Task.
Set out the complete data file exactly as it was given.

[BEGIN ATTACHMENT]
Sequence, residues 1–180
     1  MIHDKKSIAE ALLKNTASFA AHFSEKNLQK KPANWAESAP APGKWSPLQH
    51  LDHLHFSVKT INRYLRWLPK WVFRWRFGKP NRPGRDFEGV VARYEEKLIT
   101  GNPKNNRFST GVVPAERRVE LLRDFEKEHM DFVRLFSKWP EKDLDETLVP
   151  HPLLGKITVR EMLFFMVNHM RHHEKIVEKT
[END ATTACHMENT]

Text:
Sequence, residues 1–180
     1  MIHDKKSIAE ALLKNTASFA AHFSEKNLQK KPANWAESAP APGKWSPLQH
    51  LDHLHFSVKT INRYLRWLPK WVFRWRFGKP NRPGRDFEGV VARYEEKLIT
   101  GNPKNNRFST GVVPAERRVE LLRDFEKEHM DFVRLFSKWP EKDLDETLVP
   151  HPLLGKITVR EMLFFMVNHM RHHEKIVEKT